Samsung Galaxy S5 review: Top-notch specs, less software bloat

Samsung Galaxy S5 review: Top-notch specs, less software bloat

Summary: Samsung has done a good job with the Galaxy S5. Software bloat has been pared down and a few useful new features added, while the technical specifications are superb and battery life is good. Design purists may bemoan the plastic chassis, but the Galaxy S5 is still a worthy successor to last year's model.

  • Editors' rating:
  • User rating:
  • RRP:


  • Good battery life
  • Software bloat has been reduced
  • Nice usability features


  • Plastic chassis
  • Fingerprint scanner is tricky to use
  • Average-quality sound from speaker

Samsung is the global leader in the smartphone market, with 31.2 percent in Q1 2014 according to analyst firm Strategy Analytics (down from 32.4% in Q1 2013). Although Samsung's 2013 flagship Galaxy S4 won multiple awards, it also received criticism for having too much software on-board, too many user interface tweaks and too much plastic in its construction. So how, if at all, has this year's model, the Galaxy S5, addressed these criticisms?


If Samsung is concerned about criticism of the Galaxy S4's build materials, there's no evidence in the S5: it's plastic all the way again — even down to the silvered fake-metal banding around the handset's edges, which has a shaped rather than a flat finish. A plastic body clearly doesn't harm sales, and does help to keep the weight down, but it doesn't win Samsung many design plaudits.

The Galaxy S5 looks similar to 2013's S4, but has a slightly larger 5.1-inch screen, a fingerprint scanner built into the home button and a textured backplate. The new heart rate scanner is beneath the camera lens. Image: Samsung

The back of the handset has a pricked, indented design and a soft-touch finish. It ties in with the faux leather look-and-feel that's used on recent Samsung tablets such as the Galaxy NotePRO 12.2. It makes for a nicer feel in the hand than the slippery back of the Galaxy S4.

Beneath the screen is the familiar physical home button, which helps to identify this as a Samsung handset. For the first time, this button incorporates a fingerprint scanner, although this is not evident at first glance.

On its own, the Galaxy S5 looks fine. But sat next to its two main rivals, the HTC One (M8) and the Sony Xperia Z2, the choice of premium-grade materials in the competing devices gives them a far more upmarket feel.

The Galaxy S5 has an IP67 rating for dust and water resistance, hence the cover over the Micro-USB 3.0 port on the bottom edge. Image: Samsung

The button arrangement is sensible, with the power button on the right side and volume on the left. The headset slot is on the top, along with an IR zapper, while the bottom edge houses a long MicroUSB 3.0 port (which also supports standard USB 2.0 cables).

Like Sony's Xperia Z2, the Galaxy S5 has waterproofing and dust resistance to IP67 standard ('6' signifies complete dust protection; '7' signifies the ability to withstand immersion in up to 1m of water for 30 minutes). Pop-up reminders to check the backplate and close the USB cover can be an irritation, but we found that securing the backplate all around after inserting a Micro-SIM or swapping a MicroSD card was fiddly, so the reminder is actually useful. Rather a mildly annoying reminder than a dead handset that's been dropped in the bath.

The screen measures 5.1 inches across the diagonal and delivers a resolution of 1,920 by 1,080 pixels, giving an excellent pixel density of 432ppi. The Super AMOLED panel is superbly sharp and bright, with good viewing angles and rich colours. You can alter the colour saturation manually or allow the handset to select the best setting depending on what you're doing — reading books or watching video, for example.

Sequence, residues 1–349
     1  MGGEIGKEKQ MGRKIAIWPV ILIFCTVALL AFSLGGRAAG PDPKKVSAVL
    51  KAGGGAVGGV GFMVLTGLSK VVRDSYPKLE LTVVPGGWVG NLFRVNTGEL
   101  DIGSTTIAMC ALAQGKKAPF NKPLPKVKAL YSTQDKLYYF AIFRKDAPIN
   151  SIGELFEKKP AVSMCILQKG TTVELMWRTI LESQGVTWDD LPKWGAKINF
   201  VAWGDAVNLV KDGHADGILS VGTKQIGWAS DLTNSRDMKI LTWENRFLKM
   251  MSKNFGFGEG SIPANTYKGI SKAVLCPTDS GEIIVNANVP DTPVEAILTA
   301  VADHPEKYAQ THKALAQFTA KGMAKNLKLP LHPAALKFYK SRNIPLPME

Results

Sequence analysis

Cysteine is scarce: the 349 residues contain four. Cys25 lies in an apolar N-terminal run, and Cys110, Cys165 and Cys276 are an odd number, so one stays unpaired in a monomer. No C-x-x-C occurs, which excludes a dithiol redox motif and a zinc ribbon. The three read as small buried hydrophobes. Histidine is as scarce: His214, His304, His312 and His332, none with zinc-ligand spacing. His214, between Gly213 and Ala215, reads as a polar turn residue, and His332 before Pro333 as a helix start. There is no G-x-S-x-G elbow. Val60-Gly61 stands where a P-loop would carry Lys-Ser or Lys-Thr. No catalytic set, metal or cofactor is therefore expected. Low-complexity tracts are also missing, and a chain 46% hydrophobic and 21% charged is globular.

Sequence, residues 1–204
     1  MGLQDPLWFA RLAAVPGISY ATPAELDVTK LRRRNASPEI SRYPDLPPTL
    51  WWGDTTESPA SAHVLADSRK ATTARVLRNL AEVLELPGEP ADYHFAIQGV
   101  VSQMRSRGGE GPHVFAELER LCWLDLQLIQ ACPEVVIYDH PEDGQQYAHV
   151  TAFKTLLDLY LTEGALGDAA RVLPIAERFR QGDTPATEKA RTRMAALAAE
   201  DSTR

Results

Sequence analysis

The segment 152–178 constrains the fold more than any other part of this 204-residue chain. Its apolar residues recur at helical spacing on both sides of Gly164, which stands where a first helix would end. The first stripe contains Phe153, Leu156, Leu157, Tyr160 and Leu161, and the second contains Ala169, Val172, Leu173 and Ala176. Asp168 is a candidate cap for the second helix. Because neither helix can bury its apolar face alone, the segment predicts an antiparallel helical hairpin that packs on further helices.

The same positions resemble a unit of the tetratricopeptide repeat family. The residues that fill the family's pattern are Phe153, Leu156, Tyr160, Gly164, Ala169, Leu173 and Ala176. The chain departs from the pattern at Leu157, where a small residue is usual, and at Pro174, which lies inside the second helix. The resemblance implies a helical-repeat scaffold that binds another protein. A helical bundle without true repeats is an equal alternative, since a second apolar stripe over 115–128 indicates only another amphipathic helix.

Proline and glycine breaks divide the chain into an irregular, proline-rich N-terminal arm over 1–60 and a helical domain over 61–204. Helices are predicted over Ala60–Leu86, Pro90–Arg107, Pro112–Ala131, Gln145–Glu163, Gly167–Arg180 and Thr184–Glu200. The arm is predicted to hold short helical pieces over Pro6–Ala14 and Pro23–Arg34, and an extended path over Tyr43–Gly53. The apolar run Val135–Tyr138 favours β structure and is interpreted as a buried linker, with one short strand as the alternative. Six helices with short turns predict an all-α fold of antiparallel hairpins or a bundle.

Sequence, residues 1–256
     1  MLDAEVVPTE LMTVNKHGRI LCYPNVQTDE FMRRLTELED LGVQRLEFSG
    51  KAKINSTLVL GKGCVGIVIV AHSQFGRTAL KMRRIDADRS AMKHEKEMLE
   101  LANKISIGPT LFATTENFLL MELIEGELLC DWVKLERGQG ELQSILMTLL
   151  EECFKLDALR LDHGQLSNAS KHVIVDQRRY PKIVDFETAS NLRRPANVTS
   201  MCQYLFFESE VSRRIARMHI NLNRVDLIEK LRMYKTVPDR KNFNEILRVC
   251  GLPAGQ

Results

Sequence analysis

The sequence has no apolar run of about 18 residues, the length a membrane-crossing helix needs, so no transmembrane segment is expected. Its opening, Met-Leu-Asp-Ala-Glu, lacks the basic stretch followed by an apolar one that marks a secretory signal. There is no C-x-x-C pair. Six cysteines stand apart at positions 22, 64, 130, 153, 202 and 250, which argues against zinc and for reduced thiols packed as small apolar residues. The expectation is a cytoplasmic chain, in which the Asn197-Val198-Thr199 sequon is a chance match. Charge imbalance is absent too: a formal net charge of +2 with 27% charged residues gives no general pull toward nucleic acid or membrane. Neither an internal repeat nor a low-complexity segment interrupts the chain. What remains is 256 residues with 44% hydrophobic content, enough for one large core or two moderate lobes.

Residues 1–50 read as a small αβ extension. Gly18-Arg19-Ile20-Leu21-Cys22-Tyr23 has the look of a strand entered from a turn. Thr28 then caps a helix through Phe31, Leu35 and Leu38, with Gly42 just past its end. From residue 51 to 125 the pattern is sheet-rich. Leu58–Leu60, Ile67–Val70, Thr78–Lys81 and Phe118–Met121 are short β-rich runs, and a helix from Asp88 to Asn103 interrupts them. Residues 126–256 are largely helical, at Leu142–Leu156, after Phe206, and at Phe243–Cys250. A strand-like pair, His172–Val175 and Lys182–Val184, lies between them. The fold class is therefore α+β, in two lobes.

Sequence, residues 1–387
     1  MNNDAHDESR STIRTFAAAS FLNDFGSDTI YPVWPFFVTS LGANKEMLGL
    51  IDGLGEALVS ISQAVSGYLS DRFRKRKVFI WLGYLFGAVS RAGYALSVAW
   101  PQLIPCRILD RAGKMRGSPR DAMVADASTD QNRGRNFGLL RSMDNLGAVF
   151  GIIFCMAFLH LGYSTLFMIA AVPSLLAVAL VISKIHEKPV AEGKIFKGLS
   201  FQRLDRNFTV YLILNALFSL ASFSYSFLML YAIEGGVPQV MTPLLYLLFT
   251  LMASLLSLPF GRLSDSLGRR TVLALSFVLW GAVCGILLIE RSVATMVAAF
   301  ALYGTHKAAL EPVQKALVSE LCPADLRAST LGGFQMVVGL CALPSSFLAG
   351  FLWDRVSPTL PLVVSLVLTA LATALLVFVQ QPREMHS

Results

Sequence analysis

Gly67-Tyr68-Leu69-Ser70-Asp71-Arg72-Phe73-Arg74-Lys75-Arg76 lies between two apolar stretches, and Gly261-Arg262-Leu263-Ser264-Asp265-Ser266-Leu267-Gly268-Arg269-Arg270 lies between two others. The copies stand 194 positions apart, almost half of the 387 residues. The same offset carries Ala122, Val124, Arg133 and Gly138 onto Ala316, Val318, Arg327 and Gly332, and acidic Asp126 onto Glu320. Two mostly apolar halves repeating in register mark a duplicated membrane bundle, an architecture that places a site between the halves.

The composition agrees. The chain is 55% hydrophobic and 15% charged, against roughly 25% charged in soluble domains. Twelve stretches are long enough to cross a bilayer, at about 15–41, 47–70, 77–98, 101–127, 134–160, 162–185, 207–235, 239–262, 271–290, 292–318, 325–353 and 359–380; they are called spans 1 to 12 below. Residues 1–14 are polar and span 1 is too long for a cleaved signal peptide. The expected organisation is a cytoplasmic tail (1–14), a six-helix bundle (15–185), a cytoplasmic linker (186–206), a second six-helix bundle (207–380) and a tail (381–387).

Because it can be difficult to reach right across the 5.1-inch screen with one hand, Samsung has implemented a One-Handed Operation mode. This is easily invoked by sweeping a thumb from the screen's edge to its centre and back again (you revert to the full-sized screen using the same gesture).

In one-handed operation mode, the display shrinks and moves to one side of the 5.1-inch screen for easier access. Image: Sandra Vogel/ZDNet

In one-handed mode, you get a smaller virtual display moved to one side of the physical screen (you choose which side, depending on whether you're right- or left-handed). It's a clever solution that provides quick access to a system that functions in every application. We used it a lot while standing on public transport, quickly flicking back to full-screen mode as required.

You can register up to three fingers to work with the fingerprint scanner on the home button. You use it by sweeping a finger downwards across it, starting at the bottom of the touchscreen, which also has a role to play here. After three failures you're left with the traditional option of entering a password — and, of course, you can ignore the scanner and just take the password route as your first choice.

The heart rate monitor integrates with Samsung's S Health app. Image: Sandra Vogel/ZDNet

Samsung has an eye on the wellness market, as we saw with the S Health app on the Samsung Galaxy S4. S Health is here again, and includes a pedometer and food logger. It also keeps a record of your heart rate via a sensor on the back of the handset, beneath the camera lens. Rest a finger on this sensor and it will provide an accurate measure in just a few seconds. It's no substitute for the kind of heart rate monitoring that's available during exercise, but could be useful. No other smartphone currently incorporates this feature natively.

Sound quality through the Galaxy S5's single speaker is not great — in fact, compared to the superb audio quality from the HTC One (M8), it's verging on the embarrassing for Samsung.


Samsung's flagship handset naturally has a top-notch set of internal specifications. It runs a 2.5GHz quad-core Qualcomm Snapdragon 801 SoC supported by 2GB of RAM and is blisteringly fast. There is 16GB of internal storage, of which we found 11.2GB available to the user out of the box.